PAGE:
The “Z-car” has been with us now for forty years, but let’s be honest: most of those years were fairly disappointing. The original 240Z was a fabulous car that richly deserves its place in history, and the 1990 300ZX Turbo was a singular statement of high-speed style, but the story of the Z is too often a story of bloat, questionable visuals, and dismal V-6 engines. So it was with the 2003 350Z. As with Volkswagen’s New Beetle, adapting show-car style to an oversized platform-variant production model took a horrible aesthetic toll. The interior was dismal and the driving experience was too clearly that of a short-wheelbase G35. A ten-minute test drive six years ago was all I needed to cross the porky Zed off my personal list permanently, and not even the rather stunning-looking Nismo run-out model was sufficient incentive to change my position on the matter.
So now we have a new Z, offering a tidier packaging job and yet more power from the ever-swelling VQ engine. Is it enough? The first impressions are encouraging. The 2003 car had too much Audi TT in the styling, which is another way of saying it had too much Porsche 911 in the styling. This one’s far better, even considering the unfortunate headlamp treatment. It’s smaller, which is always good, and it’s supposedly a bit lighter. Most importantly, it seems to be thoroughly differentiated from its Infiniti cousins. Any G35 owner could sit in a Z and play the old game of “spot the hard points” on the dashboard. That game’s tougher now, and playing it is more pleasant thanks to a higher-quality interior with smaller panel gaps.
Our test vehicle featured a seven-speed automatic transmission operated by column-mounted paddle shifters. This is the Wrong Way To Do It; not only does placing the paddles on the column implicitly encourage the utterly reprehensible practice of shuffle-steering, it makes it impossible to immediately operate the transmission during high-speed driving. Drivers who manage to find the correct paddle will be rewarded with a rev-matched downshift and swift engagement, but there’s simply no compelling reason to choose an automatic Z.
As always, the horses to be found inside a Nissan VQ engine seem to be just a tiny bit smaller than those found elsewhere. Despite a rating of 332 horsepower, this Z will not stay with my much heavier Audi S5 in a straight line. I couldn’t manage to get my Porsche 993 out of storage for this test, but I rather suspect that under most conditions it would run about even with the Z despite having sixty-two fewer theoretical ponies in the corral. Nor is the big-bore VQ engine terribly pleasant to operate; it drones on the freeway and groans under full throttle.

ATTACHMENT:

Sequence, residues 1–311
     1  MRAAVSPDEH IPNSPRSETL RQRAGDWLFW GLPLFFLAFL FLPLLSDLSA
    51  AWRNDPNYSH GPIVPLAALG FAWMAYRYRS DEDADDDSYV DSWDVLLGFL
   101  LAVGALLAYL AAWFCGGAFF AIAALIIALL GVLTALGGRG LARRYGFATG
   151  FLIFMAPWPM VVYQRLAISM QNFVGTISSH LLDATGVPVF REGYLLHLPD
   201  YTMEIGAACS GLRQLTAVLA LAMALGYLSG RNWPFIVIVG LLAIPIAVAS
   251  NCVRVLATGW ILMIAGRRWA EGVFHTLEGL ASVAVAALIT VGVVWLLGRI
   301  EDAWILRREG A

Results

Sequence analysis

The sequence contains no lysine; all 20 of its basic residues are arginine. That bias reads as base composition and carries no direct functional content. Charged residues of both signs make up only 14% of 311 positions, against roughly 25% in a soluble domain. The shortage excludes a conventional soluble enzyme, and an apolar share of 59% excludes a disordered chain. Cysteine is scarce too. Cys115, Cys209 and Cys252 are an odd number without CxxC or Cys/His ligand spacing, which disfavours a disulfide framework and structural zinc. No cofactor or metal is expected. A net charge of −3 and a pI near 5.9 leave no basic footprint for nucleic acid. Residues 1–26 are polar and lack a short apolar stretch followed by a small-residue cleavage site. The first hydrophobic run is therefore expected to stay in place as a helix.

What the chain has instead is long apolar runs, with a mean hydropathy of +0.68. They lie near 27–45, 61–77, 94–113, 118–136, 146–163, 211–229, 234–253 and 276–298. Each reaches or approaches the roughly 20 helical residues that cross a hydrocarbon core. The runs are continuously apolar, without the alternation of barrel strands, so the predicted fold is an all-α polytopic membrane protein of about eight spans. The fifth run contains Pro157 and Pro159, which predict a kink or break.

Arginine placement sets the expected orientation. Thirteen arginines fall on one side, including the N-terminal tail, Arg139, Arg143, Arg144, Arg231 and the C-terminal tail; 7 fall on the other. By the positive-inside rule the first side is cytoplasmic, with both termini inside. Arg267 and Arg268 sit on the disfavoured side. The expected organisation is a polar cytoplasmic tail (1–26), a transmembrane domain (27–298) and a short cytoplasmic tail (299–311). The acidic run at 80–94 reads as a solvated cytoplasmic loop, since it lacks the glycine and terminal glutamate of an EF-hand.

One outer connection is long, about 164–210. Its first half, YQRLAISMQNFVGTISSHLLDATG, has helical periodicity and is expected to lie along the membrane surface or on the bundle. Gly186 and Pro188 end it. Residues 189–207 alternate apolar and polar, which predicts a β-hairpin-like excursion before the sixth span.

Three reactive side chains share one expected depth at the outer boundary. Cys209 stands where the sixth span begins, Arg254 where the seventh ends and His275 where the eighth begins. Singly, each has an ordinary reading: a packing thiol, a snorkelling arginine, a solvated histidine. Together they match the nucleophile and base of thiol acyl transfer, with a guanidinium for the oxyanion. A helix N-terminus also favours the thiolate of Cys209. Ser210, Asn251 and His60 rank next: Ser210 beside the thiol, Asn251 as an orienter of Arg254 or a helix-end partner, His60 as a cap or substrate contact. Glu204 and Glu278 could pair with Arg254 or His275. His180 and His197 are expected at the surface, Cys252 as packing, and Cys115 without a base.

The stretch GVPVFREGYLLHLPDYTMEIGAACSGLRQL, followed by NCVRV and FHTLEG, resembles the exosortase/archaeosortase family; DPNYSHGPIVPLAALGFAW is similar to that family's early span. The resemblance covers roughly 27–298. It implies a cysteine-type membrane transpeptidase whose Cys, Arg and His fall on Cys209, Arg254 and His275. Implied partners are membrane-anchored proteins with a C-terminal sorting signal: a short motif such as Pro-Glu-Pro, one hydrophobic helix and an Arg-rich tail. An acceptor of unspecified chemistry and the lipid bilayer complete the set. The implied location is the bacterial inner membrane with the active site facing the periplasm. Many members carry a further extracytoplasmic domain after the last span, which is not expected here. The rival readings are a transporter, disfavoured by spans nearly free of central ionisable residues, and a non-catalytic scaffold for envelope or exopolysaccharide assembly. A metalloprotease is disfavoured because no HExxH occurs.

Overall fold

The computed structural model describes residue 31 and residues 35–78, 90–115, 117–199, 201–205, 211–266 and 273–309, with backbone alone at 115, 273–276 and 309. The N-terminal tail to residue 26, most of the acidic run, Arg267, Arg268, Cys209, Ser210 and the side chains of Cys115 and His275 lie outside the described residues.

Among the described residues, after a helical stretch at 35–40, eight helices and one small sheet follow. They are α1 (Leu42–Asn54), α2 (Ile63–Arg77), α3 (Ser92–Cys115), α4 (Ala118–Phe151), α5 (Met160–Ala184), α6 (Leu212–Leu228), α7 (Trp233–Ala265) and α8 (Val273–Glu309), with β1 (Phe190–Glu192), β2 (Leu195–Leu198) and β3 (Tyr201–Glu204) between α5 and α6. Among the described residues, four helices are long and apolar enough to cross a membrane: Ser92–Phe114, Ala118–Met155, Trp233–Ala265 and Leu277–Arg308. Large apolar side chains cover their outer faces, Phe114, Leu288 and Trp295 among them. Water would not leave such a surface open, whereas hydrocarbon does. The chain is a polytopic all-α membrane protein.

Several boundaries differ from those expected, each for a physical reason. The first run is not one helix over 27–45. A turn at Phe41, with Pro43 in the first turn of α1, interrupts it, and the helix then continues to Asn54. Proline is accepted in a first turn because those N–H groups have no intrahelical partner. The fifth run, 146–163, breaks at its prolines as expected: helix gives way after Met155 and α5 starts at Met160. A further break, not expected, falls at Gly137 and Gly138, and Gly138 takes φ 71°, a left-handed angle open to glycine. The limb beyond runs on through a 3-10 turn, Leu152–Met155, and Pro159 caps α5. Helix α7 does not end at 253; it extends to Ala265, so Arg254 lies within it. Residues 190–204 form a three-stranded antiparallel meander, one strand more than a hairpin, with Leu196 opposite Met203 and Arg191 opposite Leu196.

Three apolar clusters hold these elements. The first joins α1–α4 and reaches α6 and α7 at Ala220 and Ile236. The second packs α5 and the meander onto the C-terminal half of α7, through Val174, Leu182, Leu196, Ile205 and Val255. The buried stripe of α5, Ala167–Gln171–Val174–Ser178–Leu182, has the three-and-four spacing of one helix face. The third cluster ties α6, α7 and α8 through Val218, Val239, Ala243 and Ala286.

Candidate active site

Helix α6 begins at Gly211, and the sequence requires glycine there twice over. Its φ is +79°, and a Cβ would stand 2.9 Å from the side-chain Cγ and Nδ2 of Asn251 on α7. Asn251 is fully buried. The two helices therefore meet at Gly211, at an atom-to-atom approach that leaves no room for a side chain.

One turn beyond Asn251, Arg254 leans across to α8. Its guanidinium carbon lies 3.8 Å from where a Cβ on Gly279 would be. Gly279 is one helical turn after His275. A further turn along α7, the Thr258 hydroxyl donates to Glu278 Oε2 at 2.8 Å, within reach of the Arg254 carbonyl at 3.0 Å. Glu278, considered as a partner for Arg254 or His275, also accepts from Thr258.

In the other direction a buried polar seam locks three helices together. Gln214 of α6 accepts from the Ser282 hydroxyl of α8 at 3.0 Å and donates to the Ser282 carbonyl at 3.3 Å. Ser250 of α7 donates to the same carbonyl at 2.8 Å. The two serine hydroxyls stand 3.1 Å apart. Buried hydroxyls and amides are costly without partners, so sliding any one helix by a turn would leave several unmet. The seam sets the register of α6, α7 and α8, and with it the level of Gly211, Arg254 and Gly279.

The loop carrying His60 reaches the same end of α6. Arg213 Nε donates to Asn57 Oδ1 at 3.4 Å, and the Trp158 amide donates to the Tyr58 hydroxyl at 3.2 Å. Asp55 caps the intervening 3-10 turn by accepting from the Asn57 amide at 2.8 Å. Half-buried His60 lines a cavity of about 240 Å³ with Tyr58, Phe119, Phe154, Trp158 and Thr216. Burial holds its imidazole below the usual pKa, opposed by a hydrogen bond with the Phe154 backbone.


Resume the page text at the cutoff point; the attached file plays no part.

Turning up the stereo to mask the banal thrashing from the firewall doesn’t help matters. This thirty-six-thousand-dollar car can’t match a Ford Focus for sound quality or elegance of Bluetooth/iPod integration. It’s best to shift the transmission into seventh and enjoy the outstanding fuel economy; we averaged nearly thirty mpg over the course of a thousand or so miles. The seats are also decent, with one difficulty. Leaning back against the headrests causes their metal supports to poke out from the seatback. It’s unpleasant for passengers who wish to relax on the road despite the noise and the relatively harsh ride.
A scheduling difficulty meant that there was no chance to track this Z. As a result, we can only guess about the car’s ultimate handling behavior. As a street car it’s pleasant and competent, skittish in the rain but offering decent feedback through the wheel in most circumstances. The quality of feedback and information for the control is sub-Boxster but better than what is found in a base C6 Corvette. In a pinch, this little two-seater can hustle pretty well.
The rest of the Z experience is straight out of the Nissan/Infiniti tool chest, from the bizarre seat adjustment to the unusual steering-wheel audio controls. If you are used to driving these cars, it will seem natural; if you’re a BMW driver, it will frustrate you for a while. The stereo in particular can be difficult to understand without resorting to the owner’s manual. Some commands, particularly those related to the Bluetooth system, can only be engaged through the voice-recognition system. Surely it is possible to do better than this in a new-for-2010 car?
As a single example of the breed, this automatic-transmission, low-option 370Z is a three-star car at best, but very few buyers will take a car like this. The Z formula is much more satisfying as a loaded-up six-speed, or even as a wide-mouthed Nismo Z model. Of course, those cars are priced uncomfortably close to a base Corvette, which simply murders the Nissan on every possible performance benchmark and isn’t really that far off on interior charm and feature count. Don’t forget, too, that the 370Z has already earned a reputation for on-track fragility thanks to inadequate cooling.
Since Z buyers aren’t really Vette buyers, however, this sort of thing won’t matter. Instead of comparing the Z to Chevrolet’s V-8 plastic supercar, they’ll revel in the Nissan’s aesthetic and mechanical superiority to competitors like the Genesis Coupe and Mitsubishi Eclipse. The interior may not be Audi quality, but it beats the old model hands-down. It’s priced fairly and it’s faster than an Evolution in a straight line. If the 370Z fails to touch true greatness, it also fails to truly disappoint.